I guess it was only a matter of time before my colleague Jerry Coyne at the University of Chicago lost his patience while reading one of several pieces that appeared in the press about the current and future status of evolutionary theory.

After having commented negatively, in both Nature and Science, on a workshop of evolutionary theory that I organized last summer at Altenberg (Austria), Jerry has just published a blog post in which he criticizes highly respected science journalist Carl Zimmer. Zimmer’s sin is to have favorably quoted yours truly about the excitement generated by increasingly common discussions about updating the Modern Synthesis -- the current conceptual structure of evolutionary biology, dating back to the 1940s -- to what some of us have begun calling an Extended Synthesis.

Jerry praises Zimmer’s overall essay on Darwin in Time magazine, but he adds that his enjoyment was spoiled because “Zimmer seems to buy into something he calls the ‘extended evolutionary synthesis.’” I think Coyne is being a bit disingenuous here, writing as if he had never heard before of an extended synthesis and attributing the term to Zimmer. But he goes on to say: “It seems to me that a science journalist should do more than simply tell their readers that something new is in the air: a journalist should EVALUATE these new claims. If all one did was say ‘some evolutionists think ...’ and then describe their thoughts, any old claim could get press.”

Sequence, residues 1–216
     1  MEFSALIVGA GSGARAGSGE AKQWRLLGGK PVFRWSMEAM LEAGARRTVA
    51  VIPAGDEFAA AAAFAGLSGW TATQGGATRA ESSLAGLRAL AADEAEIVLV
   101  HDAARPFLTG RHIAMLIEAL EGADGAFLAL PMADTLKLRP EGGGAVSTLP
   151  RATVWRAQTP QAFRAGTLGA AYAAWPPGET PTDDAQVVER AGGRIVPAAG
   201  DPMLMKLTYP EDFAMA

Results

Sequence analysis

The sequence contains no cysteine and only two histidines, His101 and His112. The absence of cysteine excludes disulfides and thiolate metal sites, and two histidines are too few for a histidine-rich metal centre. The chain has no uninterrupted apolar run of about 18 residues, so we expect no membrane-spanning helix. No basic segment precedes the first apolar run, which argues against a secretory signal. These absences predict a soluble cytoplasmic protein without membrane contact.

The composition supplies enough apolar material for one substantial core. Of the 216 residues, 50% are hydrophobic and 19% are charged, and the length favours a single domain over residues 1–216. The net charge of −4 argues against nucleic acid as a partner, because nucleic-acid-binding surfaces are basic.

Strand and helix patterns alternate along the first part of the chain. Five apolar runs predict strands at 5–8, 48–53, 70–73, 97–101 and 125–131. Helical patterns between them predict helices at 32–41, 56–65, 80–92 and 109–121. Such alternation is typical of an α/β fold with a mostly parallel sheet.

Right, and I have amply criticized “journalists” who not only uncritically report competing claims but even make up stuff out of their fertile imaginations, like Suzan Mazur has most outrageously done with her inane “Scoop” series. However, talk of an Extended Synthesis isn’t “any old claim,” it is a serious discussion among credentialed scientists. Coyne, of course, most certainly has the right to disagree with his colleagues, but that doesn’t mean that the topic is not a respectable object of coverage by a professional journalist. (It is true that another skeptic of the necessity of updating the Modern Synthesis, Indiana University’s Michael Lynch, has actually compared -- in print in the prestigious Proceedings of the National Academy of Sciences -- proponents of some new ideas in evolutionary biology to supporters of intelligent design creationism, but I think Jerry Coyne both knows better and has more style in his writings.)

Jerry rightly says that “It just isn’t true to say that every aspect of the Modern Synthesis is fiercely debated,” a claim he attributes to Zimmer in the Time article. Except that Zimmer was clearly writing about theextended synthesis claims, which are, in fact being fiercely debated, as Coyne’s own writings surely attest. At any rate, as Ryan Gregory (over at Genomicron) correctly states in his commentary on Coyne’s piece, “The point is that many people feel that we need to have a conversation about how well the Modern Synthesis covers [a variety of] phenomena, adding that “An extended synthesis would not involve an overthrow of current theory (hence, "extended").”